Thus the current customized promotional strategy is being implemented effectively. Price: Cuff’s localized pricing strategy allows it to successfully reach its objectives. Its current pricing incorporates the value added approach evidenced by the fact KEF charges at a price point of approximately $3. 50, significantly higher to its closest competitors (Be112011). However because KEF China has positioned itself as a high price, high quality restaurant (Be112011), its prices need to be kept higher than its competitors to ensure image preservation.
Nevertheless, Stein (2012) suggests that due to the recent economic slowdown in China, consumers are conscious of their purchases, so, a market-based pricing should be used where price is based on supply and demand. However, whilst market based pricing can ensure greater amount of people being attracted to KEF, presumably not all consumers would be in its target market hence these customers cannot be satisfied from KEF-China. Dissatisfied customers can spread negative word of mouth, tarnishing Cuff’s image.
Moreover, KEF is in the position where it’s able to set higher prices rather than match its competitors, whilst still maintaining its market leadership. Its brand image and intensive new product introduction strategy (which helps satisfy existing consumers’ needs and wants) make consumer demand price inelastic (Lie). By charging Geiger mark-up on its existing customers, it’s able to make the same profit it otherwise would with a greater population of consumers hence increasing Cuff’s profit margin per unit sold.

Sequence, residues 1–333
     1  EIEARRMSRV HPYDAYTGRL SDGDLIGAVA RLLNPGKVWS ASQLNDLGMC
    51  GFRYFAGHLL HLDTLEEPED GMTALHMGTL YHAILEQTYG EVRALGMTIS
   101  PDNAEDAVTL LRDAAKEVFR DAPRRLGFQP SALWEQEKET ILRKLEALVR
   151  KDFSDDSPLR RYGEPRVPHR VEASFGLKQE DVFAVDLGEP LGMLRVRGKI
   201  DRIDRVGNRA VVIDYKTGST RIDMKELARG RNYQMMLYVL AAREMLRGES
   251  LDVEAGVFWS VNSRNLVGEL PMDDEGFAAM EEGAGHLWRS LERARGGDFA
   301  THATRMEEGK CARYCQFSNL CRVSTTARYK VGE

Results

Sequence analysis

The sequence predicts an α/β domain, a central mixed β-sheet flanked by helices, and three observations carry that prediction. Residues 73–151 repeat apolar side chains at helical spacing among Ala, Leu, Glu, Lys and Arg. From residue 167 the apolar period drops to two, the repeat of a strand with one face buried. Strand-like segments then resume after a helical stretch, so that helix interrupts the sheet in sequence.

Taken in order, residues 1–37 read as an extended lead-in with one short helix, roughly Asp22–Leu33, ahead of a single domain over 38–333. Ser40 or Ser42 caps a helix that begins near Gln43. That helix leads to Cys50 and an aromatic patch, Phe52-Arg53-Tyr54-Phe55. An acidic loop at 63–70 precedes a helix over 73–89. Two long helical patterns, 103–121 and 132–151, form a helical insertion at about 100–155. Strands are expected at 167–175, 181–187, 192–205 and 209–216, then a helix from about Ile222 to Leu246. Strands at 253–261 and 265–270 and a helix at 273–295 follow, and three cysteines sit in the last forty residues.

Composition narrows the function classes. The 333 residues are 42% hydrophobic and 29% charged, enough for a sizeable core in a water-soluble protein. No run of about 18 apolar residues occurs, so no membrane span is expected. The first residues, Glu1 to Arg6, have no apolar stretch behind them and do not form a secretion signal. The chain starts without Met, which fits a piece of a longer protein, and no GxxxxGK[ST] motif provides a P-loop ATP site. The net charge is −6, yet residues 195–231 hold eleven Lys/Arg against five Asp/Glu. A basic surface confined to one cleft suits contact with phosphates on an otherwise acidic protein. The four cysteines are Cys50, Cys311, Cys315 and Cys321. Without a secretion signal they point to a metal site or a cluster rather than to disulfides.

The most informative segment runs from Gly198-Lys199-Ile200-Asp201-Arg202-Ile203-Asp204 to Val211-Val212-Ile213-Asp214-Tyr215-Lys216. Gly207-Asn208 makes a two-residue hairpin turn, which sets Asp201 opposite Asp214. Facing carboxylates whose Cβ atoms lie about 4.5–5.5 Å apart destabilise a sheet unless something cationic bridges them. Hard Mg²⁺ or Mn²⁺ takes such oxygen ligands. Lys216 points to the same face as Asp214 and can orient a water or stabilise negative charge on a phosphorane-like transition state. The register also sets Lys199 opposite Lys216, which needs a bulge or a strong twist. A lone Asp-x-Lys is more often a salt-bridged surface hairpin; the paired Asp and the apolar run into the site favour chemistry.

Therefore the current value added pricing strategy is effective for KEF regardless of external factors. Place: Placement is a vital function within KEF-China that ensures its products are delivered to its customers. Because KEF provides a service, its main marketing channel is downstream BBC. This increases customer contact with the business, which helps build relationship marketing (Adjective). It also saves costs as minimal money is spent on intermediaries. Lack of intermediates for KEF have allowed for greater time utility (Brighteners).
As a fast-food chain, KEF needs large amounts of raw materials to create its output. Most of KEF-China’s supply chain management deals with supplies sourced locally in China (Marinating) hence, sourcing this strategy has lower logistics costs involved and a shorter lead time. Opponents of Cuff’s strategy attack the overbalance on Chinese suppliers, pinpointing the recent case of toxic’ chicken case, where chemical were added to were found to be harmful (Wholesaler). Media coverage of this incident created significant negative publicity and had tarnished
KEF-China’s public relations to such an extent that it saw a 13% sales decline (Brandenburg). Nevertheless, whilst a supplier accident has occurred, it is irrational to believe that all Chinese suppliers will be acting in the same unethical way. Presumably after this incident, KEF will take a stronger stance in relation to the quality of its inputs. Moreover, Its BBC channel allows a stronger contact with its customer, allowing KEF-China, in the short-term, to make improve its image through in-store interaction with customers.